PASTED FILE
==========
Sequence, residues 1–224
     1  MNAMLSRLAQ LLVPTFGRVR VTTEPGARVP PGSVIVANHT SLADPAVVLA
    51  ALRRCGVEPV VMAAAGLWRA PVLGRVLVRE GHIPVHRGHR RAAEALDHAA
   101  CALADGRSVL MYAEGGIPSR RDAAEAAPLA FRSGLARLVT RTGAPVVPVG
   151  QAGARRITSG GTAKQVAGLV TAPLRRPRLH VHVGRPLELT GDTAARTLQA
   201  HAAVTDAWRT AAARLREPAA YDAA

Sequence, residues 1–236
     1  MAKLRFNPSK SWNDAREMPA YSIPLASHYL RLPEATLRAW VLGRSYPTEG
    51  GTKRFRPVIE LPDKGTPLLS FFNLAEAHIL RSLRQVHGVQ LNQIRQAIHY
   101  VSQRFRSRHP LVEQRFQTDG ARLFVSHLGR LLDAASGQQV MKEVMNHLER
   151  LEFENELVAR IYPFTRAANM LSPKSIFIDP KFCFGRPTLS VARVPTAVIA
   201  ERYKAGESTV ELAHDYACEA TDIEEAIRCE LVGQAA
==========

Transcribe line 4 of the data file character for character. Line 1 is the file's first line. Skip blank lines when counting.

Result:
   101  CALADGRSVL MYAEGGIPSR RDAAEAAPLA FRSGLARLVT RTGAPVVPVG